Are you dreaming of a green Christmas?
According to the Washington Post, 4 million tons of trees are wasted each year to make wrapping paper and holiday shopping bags.
Sparkly and festive holiday wrapping paper might be fun, but is it worth the toll it takes on the environment?
Why Go Paperless?
Paper is biodegradable, right? So how does using wrapping paper affect the environment?
According to Kayla Dunn, the founder of the eco-friendly wedding planning company Pineapple Union, it starts with the trees they have to harvest to create that paper.
“An estimated 30 million trees are cut down just to produce gift wrap, and it’s difficult to recycle due to the dyes used,” says Dunn. Many wrapping papers, like the ones made with foil or plastic, can’t be recycled at all.
Not only does this devastate forests, it also contributes to often-overflowing landfills.
Paper Gift-Wrap Alternatives
It may seem like wrapping paper is the only option to wrap gifts. It may be a common choice, but it isn’t the only option. Here are five alternatives to wrapping paper:
There are several ways you can use fabric to wrap a gift.
First, you can use a scrap piece of cloth, a head scarf or a tea towel. You can wrap these around your gift and tie them in the front, creating a little knot. You could also place your gift in the center of the cloth, gather the extra cloth at the top, and tie it with a string or ribbon. These look cute, and the recipient can reuse the fabric! It’s like a gift within a gift.
Reusable tote bags or other fabric bags can work just like a traditional paper gift bag but they can be reused after and can encourage more eco-friendly practices, according to Dunn.
Make a Gift Basket
Who doesn’t love a well-curated gift basket? Sure, you could get one of those meat and cheese baskets at the grocery store, but you could make something more personal instead.
Fill a basket with a few of your giftee’s favorite things or a couple of items on their wish list! And while you’re personalizing, you don’t have to stop with the gifts.
Baskets are great, but consider opting for something more suitable to the recipient. An assortment of kitchen goodies can go in a mixing bowl instead of a basket. A storage container makes a great basket for toys, and even a vintage suitcase would work for toiletries or fashion items.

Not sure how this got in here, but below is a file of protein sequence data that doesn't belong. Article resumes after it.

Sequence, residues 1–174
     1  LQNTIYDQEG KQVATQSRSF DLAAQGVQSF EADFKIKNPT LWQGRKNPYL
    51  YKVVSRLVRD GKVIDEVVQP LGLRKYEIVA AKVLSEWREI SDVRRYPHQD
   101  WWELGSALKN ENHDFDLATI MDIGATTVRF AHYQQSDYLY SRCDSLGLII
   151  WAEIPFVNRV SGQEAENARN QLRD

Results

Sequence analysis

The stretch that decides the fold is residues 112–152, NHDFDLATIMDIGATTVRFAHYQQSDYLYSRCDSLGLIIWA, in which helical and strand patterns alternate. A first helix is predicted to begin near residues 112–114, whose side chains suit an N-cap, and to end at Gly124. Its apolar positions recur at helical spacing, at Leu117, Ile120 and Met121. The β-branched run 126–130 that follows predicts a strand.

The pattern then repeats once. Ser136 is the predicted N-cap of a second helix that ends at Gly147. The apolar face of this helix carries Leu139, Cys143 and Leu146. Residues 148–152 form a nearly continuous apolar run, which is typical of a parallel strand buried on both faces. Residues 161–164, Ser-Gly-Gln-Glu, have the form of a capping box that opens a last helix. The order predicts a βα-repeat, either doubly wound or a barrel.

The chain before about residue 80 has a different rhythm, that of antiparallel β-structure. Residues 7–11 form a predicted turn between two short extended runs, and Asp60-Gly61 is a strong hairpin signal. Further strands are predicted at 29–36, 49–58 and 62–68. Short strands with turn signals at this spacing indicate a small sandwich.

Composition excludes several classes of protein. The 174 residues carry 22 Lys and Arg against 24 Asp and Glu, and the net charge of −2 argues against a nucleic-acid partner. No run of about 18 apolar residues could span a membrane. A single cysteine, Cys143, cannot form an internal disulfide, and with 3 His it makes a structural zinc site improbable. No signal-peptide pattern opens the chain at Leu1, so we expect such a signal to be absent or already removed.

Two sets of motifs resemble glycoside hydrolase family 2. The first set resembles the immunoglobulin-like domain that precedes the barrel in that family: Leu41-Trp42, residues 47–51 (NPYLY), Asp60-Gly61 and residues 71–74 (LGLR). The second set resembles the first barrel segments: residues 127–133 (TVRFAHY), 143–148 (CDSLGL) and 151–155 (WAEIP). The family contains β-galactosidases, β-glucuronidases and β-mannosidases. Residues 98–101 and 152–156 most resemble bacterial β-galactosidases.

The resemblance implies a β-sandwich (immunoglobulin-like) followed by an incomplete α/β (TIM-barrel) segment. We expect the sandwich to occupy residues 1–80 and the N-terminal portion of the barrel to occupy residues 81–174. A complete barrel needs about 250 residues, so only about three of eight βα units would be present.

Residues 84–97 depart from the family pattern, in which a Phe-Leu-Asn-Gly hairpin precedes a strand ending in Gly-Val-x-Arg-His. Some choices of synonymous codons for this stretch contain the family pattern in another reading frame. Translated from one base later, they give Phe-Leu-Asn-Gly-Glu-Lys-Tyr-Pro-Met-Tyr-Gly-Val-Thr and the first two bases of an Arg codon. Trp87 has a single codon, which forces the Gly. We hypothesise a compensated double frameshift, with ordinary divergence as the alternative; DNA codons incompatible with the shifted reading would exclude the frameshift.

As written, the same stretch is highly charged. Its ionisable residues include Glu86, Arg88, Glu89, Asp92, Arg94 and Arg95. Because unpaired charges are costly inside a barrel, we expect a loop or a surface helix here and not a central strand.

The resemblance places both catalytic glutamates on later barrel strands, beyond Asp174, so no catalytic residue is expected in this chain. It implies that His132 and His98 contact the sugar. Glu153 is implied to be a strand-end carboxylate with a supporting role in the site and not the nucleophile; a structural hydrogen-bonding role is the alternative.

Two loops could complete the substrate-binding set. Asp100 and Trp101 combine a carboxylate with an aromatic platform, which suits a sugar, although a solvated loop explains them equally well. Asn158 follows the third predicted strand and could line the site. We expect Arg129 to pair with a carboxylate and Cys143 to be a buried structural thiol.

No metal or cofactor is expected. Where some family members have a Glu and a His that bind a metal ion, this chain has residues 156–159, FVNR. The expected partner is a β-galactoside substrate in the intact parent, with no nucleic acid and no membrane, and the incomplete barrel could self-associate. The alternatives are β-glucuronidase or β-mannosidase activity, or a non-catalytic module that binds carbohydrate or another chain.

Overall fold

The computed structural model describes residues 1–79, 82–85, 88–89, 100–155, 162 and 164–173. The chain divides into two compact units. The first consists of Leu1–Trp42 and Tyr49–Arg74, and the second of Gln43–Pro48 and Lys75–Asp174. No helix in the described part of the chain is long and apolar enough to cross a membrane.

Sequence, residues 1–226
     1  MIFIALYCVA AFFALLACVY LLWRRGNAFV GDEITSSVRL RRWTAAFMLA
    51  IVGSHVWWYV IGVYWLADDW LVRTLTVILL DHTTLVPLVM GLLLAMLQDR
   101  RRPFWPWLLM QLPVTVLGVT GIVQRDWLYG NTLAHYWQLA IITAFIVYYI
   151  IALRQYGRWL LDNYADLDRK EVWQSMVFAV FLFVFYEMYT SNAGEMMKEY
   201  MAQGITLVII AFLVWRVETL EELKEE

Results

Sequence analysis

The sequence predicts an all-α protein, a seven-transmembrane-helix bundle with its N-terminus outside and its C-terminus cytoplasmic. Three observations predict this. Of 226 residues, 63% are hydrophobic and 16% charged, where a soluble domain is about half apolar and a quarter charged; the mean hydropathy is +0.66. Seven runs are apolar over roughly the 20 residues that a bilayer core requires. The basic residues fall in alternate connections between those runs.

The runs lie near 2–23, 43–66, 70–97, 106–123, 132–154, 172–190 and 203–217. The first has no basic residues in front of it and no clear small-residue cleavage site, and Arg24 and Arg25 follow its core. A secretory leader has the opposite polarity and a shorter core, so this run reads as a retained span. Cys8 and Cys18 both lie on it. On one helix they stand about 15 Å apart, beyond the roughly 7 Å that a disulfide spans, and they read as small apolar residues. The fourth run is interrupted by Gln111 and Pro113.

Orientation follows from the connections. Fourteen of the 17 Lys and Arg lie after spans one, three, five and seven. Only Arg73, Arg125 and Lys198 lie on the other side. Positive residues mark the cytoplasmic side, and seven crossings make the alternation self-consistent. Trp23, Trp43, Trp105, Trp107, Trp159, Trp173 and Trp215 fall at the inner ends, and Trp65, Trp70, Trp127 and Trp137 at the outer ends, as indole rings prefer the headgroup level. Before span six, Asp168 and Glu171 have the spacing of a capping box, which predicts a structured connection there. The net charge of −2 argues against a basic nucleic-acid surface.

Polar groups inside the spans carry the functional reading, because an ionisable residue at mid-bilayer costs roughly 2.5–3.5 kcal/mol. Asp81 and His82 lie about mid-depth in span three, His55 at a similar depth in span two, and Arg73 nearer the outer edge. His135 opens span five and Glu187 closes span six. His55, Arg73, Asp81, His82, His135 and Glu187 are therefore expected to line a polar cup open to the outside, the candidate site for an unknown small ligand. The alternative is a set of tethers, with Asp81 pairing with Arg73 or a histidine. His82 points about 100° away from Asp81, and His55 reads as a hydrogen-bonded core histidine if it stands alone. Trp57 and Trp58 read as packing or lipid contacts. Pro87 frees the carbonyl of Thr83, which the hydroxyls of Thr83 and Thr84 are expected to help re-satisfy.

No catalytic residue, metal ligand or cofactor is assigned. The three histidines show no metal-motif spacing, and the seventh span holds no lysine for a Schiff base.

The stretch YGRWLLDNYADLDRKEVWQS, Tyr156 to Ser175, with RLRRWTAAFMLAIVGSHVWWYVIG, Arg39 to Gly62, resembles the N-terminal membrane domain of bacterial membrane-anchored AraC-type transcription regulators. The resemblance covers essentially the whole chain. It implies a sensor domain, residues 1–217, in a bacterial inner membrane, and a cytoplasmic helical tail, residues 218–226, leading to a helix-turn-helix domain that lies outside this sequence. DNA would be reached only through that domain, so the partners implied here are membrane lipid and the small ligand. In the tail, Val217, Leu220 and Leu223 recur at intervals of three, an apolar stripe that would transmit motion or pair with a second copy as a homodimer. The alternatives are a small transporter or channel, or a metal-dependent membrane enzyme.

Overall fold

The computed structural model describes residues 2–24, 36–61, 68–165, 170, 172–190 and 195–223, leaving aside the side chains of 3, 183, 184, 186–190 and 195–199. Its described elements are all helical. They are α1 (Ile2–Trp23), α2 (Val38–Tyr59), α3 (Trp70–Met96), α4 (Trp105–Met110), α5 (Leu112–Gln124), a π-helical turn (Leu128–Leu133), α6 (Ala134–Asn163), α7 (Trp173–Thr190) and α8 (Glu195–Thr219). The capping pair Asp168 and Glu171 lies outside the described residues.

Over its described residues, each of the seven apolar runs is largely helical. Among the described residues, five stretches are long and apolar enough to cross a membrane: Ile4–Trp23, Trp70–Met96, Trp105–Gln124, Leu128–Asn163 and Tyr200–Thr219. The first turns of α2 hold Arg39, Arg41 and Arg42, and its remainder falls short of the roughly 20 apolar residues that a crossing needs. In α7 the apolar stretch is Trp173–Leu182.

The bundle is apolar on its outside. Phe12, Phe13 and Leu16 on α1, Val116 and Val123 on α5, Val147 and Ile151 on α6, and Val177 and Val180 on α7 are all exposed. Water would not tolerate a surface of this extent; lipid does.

Put It in a Jar
One of Dunn’s favorite alternatives to paper gift wrap is assorted jars. Think mason jars, reusable tins, coffee mugs or water bottles.
“I like to keep the holidays simple and stick to the basics, so I bake cookies for my family and craft ornaments,” says Dunn. She often places them in tins or jars and ties the handmade ornament around the container to trim the package.
For items like water bottles or mugs, Dunn suggests filling them with things like a gift card or money. You could also put socks or another small accessory in the jar with some treats or a gift card.
Stuff a Stocking
Consider using a stocking to hold gifts. Just like with a traditional stocking, you can fill it with little gifts and trinkets or make it more themed like you would with a gift basket.
For small stockings, think of small or thin gifts you can place inside, like gift cards, candy or jewelry. Typical size stockings can fit things like small tech gadgets, perfume, mugs, Blu-ray Discs and books. You can even buy over-sized stockings for bulkier gifts like sweaters or small appliances.
Hide It in Another Gift
You can do that? Sure! It’s like the nesting dolls of gifts, and who doesn’t love that?
What kind of gifts can you hide something inside? You can hide makeup in a new makeup bag or case. Got a sports lover on your hands? Hide tickets to a game inside of a collector’s box or cup. Does your giftee like to stay active? Put new gym clothes or an activity tracker inside a nice gym bag or a membership to their favorite yoga studio rolled up in a new yoga mat!
The options are endless – it just takes a little bit of creativity.
One of my favorite parts of gift wrapping is trimming the package in ribbons and adornments. If you’re going paperless and don’t want to use foil ribbons or paper name tags, how can you make your gifts feel a little extra special?
Dunn suggests using seasonal items to decorate your packages: “The best way to trim any selection of wrapped gifts is with dried fruit like lemons, oranges, or apple slices, cinnamon sticks, or sprigs of rosemary or herbs that can be used again in the kitchen or composted.”
She also encourages using fabric ribbon instead of the plastic or foil alternative.
Eco-Friendly Gift Wrap Options
If you have a hard time thinking of using something besides wrapping paper to wrap your gifts, some paper options are still easier on the environment.
“If paper is necessary, hemp or bamboo paper should be considered. Both hemp and bamboo grow at a much faster rate. While a tree can take 10 – 30 years to mature, bamboo can take less than five years to mature and typically grows three to five feet per year,” according to Dunn.
The eco-friendly event planner also suggests seeded paper. “I love seed paper which can be planted directly into the ground and will produce wildflowers from the seeds within it,” adds Dunn.
The downside of seeded paper is that it’s more expensive than the other options. Dunn suggests using it sparingly, for something like holiday cards, if you’re looking to stay on a budget.
Give the Gift of Sustainability
However you decide to go green this holiday, giving with a sustainable wrapping option can help encourage those practices with your friends and family.
Going completely paper-free isn’t practical for everyone, but you can likely still think of ways to incorporate green elements where possible.
If you have tips for paperless gift-wrapping, share them in our comment section.
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